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Obama's delay on ISIS strategy leads to strange bedfellows

Politicians and pundits on the right initially rallied around the idea that the U.S. needs to be more aggressive militarily in Iraq and Syria to defeat the Islamic State of Iraq and Syria (ISIS), which is wreaking havoc there.

But in the wake of President Obama's remark last week that "we don't have a strategy yet," there's a new twist: some with Republican ties are suggesting his deliberative approach to forming an ISIS strategy may have some validity to it.

"I do think it's important that...we not treat them as though they are 10-feet tall," the Washington Institute's Michael Singh said on CBS News' "Face the Nation" Sunday in response to a question about whether there's been an overestimation of ISIS' direct threat to the U.S.

"This is a threat that if we have the will, if we decide to do it, I think we can address," added Singh, whose background includes a stint at the National Security Council under President George W. Bush.

The success of U.S. airstrikes in helping to recapture the Mosul Dam and a besieged Shiite Turkmen town from ISIS help "demonstrate that this is a group with vulnerabilities if we do get that right strategy together to take it on," Singh said.

Offering a voice of caution, and breaking from many of his GOP colleagues, is Rep. Tom Cole, R-Oklahoma, who said Sunday there's "way too much emphasis on acting now and doing something immediately instead of being smart about what we do."

Despite the complaints over the president's remarks, Cole said on ABC that the basic strategy was already in place: air power, special operators, building alliances on the ground, and supplying and equipping the Iraqis and Syrians who share U.S. goals.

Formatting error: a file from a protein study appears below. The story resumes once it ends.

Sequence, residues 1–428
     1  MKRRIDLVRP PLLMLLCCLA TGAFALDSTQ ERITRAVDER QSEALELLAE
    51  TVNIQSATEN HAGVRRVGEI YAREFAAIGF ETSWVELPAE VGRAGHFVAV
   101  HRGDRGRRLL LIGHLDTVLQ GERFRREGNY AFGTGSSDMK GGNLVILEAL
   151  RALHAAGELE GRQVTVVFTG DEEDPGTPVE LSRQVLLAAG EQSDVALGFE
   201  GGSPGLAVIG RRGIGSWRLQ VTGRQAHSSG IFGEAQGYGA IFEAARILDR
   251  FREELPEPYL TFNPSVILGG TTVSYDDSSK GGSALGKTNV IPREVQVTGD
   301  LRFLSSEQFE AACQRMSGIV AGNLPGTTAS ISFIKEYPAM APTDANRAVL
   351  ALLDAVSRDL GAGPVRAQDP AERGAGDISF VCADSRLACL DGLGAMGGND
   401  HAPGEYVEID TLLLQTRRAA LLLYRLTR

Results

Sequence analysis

"Those things are there. They're tougher in Syria than they are in Iraq. We don't have any preexisting relationships there. But I think at the end, look, I think there's a consensus that we are going to do things," he said.

James Jeffrey, who was a deputy national security adviser to President George W. Bush and an Ambassador to Iraq under Obama, echoed the idea that the president's plan to carry out airstrikes against ISIS announced in June does constitute a strategy, and said that Mr. Obama was carrying it out "not too badly."

"The problem that we have is that we have a president who does not understand that saying we do not have a strategy sends chills down the spine of everybody in the world," he said.

Jeffrey was critical of Democrats who say the U.S. should wait until there are solid coalitions in place, arguing that will only happen with robust U.S. action.

"If we don't lead and really lead hard, we're not going to get a coalition," he said. "What we have to do is get on with the work and when we do get on with the work it starts working for us."

Juan Zarate, CBS News's senior national security analyst, said that ISIS "isn't a group of invincibles that can't be defeated or repelled if we have the right strategy and approach - along with our allies who are willing to fight."

But in another example that party lines are beginning to disintegrate on both sides of the ISIS debate, Sen. Dianne Feinstein, D-California, bucked many of her fellow Democrats when she said that Mr. Obama needs a much more aggressive response to ISIS, without hesitation, agreeing with an op-ed by two of the Senate's most vocal hawks, Republicans John McCain of Arizona and Lindsey Graham of South Carolina.

"I think I've learned one thing about this president, and that is he's very cautious -- maybe in this instance too cautious," Feinstein said on NBC's "Meet the Press." "There is good reason for people to come together now and begin to approach this as the very real threat that it in fact is."

  • Rebecca Kaplan

    Rebecca Kaplan is a political reporter for